The Tent

We arrived at Khao Yai National Park with just our backpacks. Whatever happened before that has gone missing — I don't remember the planning part or the setting-off part, just the arriving, which isn't surprising because running off on barely-planned adventures was normal for us. Probably in some nearby town where a bus let us off, we piled into the back of a songthaew* that jostled us back and forth as it wound along a country road.

The ranger station had battered old tents for rent, and sleeping bags. The ranger cautioned us, however: a thunderstorm was predicted, and the grassy camping area sloped down toward the forest. The rain would wash downhill around our tent, the ranger said. But they had tarps, too. I decided to rent three of them: two for the tent and one to sit on.

We lugged our bags out onto the grass and set to work — or rather, I set to work while Kat and the kids watched. When the tent was up I attached two of the tarps on top, overlapping and pulled out sideways to deflect the rain. Frank Lloyd Wright would approve! The others started moving our things inside and I took a picture, but then the kids spotted holes in the floor of the tent. "Wait! Take everything back out!" I yelled and ran down to rummage at the edge of the forest. "What are you doing?" Kat called.

I needed branches, preferably straight. These were not plentiful, but I managed to locate four in the underbrush and carried them back to camp. There I pulled the last tarp under the tent, then shoved a branch under each side to keep the tarp's edges turned up over the ground, ark-like. Meanwhile some other visitors were setting up their own tents (the modern kind) and looked at us sideways.

Now that we had a home base, we threw in our things and got ready to hike, which meant putting on our brand-new leech socks, because Khao Yai was notorious for leeches. By this I don't mean the water-borne kind Americans are familiar with, rather the kind that move along the ground like vampire-inchworms, periodically stopping to raise up their front ends — apparently to sniff. Once a victim is located they increase their pace, inching faster and squirming their way through any seam in one's shoes, later to be found still attached and engorged with blood. Leech socks went on under your shoes but over your pants, preventing these intrusions, and they were clown-white so you could spot any leech that attempted to climb higher.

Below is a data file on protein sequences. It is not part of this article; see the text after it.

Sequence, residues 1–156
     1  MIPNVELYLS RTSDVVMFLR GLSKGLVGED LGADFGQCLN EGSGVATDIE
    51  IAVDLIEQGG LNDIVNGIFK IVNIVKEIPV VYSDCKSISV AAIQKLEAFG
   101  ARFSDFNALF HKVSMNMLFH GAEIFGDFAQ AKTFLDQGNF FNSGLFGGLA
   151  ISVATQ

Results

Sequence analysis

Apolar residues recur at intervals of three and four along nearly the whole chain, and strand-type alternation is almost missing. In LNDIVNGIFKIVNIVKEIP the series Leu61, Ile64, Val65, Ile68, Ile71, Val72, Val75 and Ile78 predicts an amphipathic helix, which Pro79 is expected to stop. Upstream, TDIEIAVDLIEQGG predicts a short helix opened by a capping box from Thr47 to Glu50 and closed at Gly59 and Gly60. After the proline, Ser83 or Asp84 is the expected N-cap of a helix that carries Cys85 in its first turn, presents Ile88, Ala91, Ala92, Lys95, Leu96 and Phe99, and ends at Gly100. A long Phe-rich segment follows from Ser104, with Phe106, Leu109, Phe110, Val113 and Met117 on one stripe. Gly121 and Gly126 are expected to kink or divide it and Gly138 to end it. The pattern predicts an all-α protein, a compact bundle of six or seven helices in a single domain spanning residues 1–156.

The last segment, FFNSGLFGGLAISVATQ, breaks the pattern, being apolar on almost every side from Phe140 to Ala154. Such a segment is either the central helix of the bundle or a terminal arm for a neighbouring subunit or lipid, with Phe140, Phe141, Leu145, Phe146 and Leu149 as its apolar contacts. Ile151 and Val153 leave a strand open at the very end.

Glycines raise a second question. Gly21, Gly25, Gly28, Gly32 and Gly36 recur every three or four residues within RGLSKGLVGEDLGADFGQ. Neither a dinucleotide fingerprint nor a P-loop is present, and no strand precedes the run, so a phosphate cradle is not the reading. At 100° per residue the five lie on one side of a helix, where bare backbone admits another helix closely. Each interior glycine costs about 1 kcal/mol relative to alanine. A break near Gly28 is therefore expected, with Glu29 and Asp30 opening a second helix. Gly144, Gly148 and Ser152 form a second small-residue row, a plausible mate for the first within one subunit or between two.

Khao Yai was popular, both due to its attractions and its relatively-short distance from Bangkok. But for most Thai people, visiting a national park meant laying out a picnic of fried chicken and papaya salad near the entrance — unless there was a waterfall close by, in which case they would take the picnic there, leaving the other trails mostly empty. Such was the case this time. We only had the day and didn't hire a guide, so we couldn't go especially deep, but it soon felt deep, what with the shadowing forest canopy and vine-choked trees and thick bamboo.

Wherever the trail was dim and damp the leeches came after us. They only appeared one at a time, and they were small, but their way of creeping straight in our direction made the kids squeal anyway. Later we found the worms wriggling in our shoes where they had tried to burrow through the laces. The socks worked.

Back at camp we met a young couple who had set up nearby. These two were different, not just picnickers. They were travelers, adventurers, brimming with questions and stories. And they were instantly our friends, though like so often happened in the days before smartphones we never saw them again later.

In the afternoon we made our way to a waterfall. It was impressive but too crowded, and we were all hungry, so we took a few pictures and returned to camp. I'm not sure what we ate for dinner, but national parks in Thailand all had a special feature: local old ladies with homemade food for sale. You would have to go pretty remote in Thailand to worry about getting fed.

The night came on dark but still dry. We arranged ourselves in our sleeping bags and went to sleep. Then past midnight the ranger's prediction came true. The storm didn't just pass through, however: on and on it went, the rain rushing loud on our tent and the ground shaking under us from the cracking thunder. The kids curled up closer as the storm grew louder, but after a while we all got used to it and drifted back to sleep.

Sometime around two in the morning I woke to voices outside. I scrambled to peek my head out into the still-storming dark and saw shadowy figures standing by their tents. "Piak tang mot!" one of them whined. I knew enough Thai to understand. "Heh heh" I giggled to myself uncharitably and scooted back inside. I felt around the floor of our tent in the dark: not a single damp spot.

In the morning we emerged to a sunny new day to find that all the other tents had been flooded while ours had stayed dry. "Our tent's the best!" the kids clucked.

* A covered pickup truck with two benches in the back, a common form of local transportation in Thailand.

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